SPEAKER of Parliament Jacob Mudenda yesterday refused to be dragged into the MDC-T internal fights, saying the House does not resolve intra-party conflicts.
Mudenda advised warring MDC-T factions – one led by party leader Morgan Tsvangirai and another by axed party secretary-general Tendai Biti — fighting over the recalling of MPs, to approach the courts for arbitration.
Mudenda said neither himself nor Senate president Edna Madzongwe had the authority to make a ruling over the threats to recall the MPs.
“In any case, neither the Honourable President of the Senate nor the Honourable Speaker of the National Assembly has authority and a role to play in internal disciplinary actions, disputes or differences within political parties, which matters may be appropriately dealt with by a competent court,” Mudenda said.
MDC-T vice-president Thokozani Khupe on May 2 wrote Mudenda indicating intent to recall nine party MPs accused of siding with Biti’s faction.
The Biti faction is composed of party members seeking Tsvangirai’s ouster as party leader.
Khupe’s letter followed one written pre-emptively by Biti on April 28 seeking to protect the MPs from being recalled by Tsvangirai.
Khupe argued that she was the one vested with the sole authority to recall MDC-T MPs as their leader in the House.
The fallout between Tsvangirai and Biti started after party deputy treasurer-general Elton Mangoma was assaulted at the party’s Harvest House headquarters in Harare for calling for leadership renewal.
Mangoma was suspended and eventually expelled over his stance, a move Biti described as unconstitutional.
After failing to find common ground, Biti’s faction privately met in Harare on April 26 where they “lifted” Mangoma’s suspension and went on to “suspend” Tsvangirai, Khupe, party national organising secretary Nelson Chamisa, his deputy Abedinico Bhebhe, national chairman Lovemore Moyo, his deputy Morgan Komichi and party spokesperson Douglas Mwonzora.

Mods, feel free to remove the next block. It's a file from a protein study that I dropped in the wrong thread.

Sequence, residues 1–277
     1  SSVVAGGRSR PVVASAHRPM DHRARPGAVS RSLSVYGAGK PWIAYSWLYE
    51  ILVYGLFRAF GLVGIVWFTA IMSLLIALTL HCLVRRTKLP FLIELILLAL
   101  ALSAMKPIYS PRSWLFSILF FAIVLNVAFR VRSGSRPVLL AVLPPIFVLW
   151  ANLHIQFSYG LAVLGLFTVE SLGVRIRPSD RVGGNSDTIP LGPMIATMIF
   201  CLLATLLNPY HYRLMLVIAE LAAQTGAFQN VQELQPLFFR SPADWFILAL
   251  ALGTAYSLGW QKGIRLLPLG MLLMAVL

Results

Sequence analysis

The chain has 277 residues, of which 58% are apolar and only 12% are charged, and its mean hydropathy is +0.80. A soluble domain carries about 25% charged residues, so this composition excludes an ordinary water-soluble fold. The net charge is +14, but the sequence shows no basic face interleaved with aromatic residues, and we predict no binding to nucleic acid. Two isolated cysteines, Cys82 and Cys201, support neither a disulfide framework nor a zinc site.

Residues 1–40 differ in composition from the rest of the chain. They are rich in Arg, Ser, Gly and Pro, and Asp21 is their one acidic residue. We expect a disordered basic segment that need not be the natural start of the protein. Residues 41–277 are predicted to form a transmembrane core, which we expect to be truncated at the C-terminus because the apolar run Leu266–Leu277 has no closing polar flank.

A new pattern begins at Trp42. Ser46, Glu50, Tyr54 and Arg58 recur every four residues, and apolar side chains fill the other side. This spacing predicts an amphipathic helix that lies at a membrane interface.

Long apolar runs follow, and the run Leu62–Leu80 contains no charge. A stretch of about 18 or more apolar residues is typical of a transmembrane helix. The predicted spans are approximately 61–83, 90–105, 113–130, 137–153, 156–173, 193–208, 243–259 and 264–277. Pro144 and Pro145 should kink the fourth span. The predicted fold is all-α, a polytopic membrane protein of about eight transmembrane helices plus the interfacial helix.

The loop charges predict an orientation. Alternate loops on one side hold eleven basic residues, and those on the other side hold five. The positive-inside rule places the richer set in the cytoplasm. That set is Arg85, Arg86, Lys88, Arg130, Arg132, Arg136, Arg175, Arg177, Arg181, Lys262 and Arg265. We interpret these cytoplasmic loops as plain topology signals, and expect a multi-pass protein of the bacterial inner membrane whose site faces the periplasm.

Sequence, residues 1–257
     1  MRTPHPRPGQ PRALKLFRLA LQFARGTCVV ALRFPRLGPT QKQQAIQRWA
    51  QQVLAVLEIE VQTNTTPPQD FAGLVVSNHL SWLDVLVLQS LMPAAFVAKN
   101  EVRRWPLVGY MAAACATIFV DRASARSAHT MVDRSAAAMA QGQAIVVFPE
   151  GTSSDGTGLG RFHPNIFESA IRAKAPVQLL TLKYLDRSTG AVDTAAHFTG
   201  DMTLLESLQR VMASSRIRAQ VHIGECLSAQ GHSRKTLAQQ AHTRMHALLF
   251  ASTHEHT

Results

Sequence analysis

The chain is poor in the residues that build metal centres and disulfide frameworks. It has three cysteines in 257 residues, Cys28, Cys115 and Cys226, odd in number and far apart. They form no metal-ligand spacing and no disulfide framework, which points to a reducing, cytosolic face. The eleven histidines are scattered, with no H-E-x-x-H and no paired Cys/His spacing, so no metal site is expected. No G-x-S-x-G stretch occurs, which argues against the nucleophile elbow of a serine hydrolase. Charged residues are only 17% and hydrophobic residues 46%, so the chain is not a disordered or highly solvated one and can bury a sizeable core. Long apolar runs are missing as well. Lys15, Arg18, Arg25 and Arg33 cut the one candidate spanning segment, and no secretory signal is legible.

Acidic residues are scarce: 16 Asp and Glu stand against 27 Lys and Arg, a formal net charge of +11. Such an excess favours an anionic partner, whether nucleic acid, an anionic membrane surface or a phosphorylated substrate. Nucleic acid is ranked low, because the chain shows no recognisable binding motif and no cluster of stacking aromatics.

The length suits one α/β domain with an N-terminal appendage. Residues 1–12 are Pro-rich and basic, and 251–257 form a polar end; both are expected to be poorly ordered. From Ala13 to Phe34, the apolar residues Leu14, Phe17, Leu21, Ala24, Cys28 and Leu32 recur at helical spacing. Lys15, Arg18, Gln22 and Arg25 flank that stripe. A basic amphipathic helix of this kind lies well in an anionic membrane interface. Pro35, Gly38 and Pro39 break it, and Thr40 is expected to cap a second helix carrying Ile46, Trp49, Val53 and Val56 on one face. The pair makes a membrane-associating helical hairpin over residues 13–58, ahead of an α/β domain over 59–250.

Yesterday, Mudenda said he had studied the correspondence from both Khupe and Biti and concluded that the letters “contained no legal issues that require the Honourable President of the Senate or the Honourable Speaker of the National Assembly to pursue or rule on whether or not to act pursuant to the provisions of section 129 (1) (k) of the Constitution of Zimbabwe”.
Mudenda added: “I have accordingly responded to the two letters from Honourable Biti and Honourable Khupe informing them accordingly.”
Biti camp spokesperson Jacob Mafume yesterday said Parliament’s decision “vindicated the position by our secretary-general [Biti]” that Tsvangirai and “his lot” had no right to recall the MPs.
“If they [Tsvangirai and his team] think they are right, they should go to court,” Mafume said.
“We are now going to proceed with the tribunal to determine their cases. We have always said Tsvangirai has bush lawyers who do not understand the law.”
But MDC-T spokesperson Douglas Mwonzora said Mudenda’s ruling showed that he [Mudenda] had refused to endorse Biti’s interpretation of the law.
“The Speaker has not said in his ruling that the MDC has no right to recall its Members of Parliament. He has not endorsed Biti’s claim that he is the person who has the power to recall MDC MPs,” Mwonzora said.
“For that reason, the door has been kept open for the MDC-T to recall any MP who ceases to be its member. In the next few days the MDC is, therefore, going to formally communicate with the Speaker its decision to recall the concerned MPs.”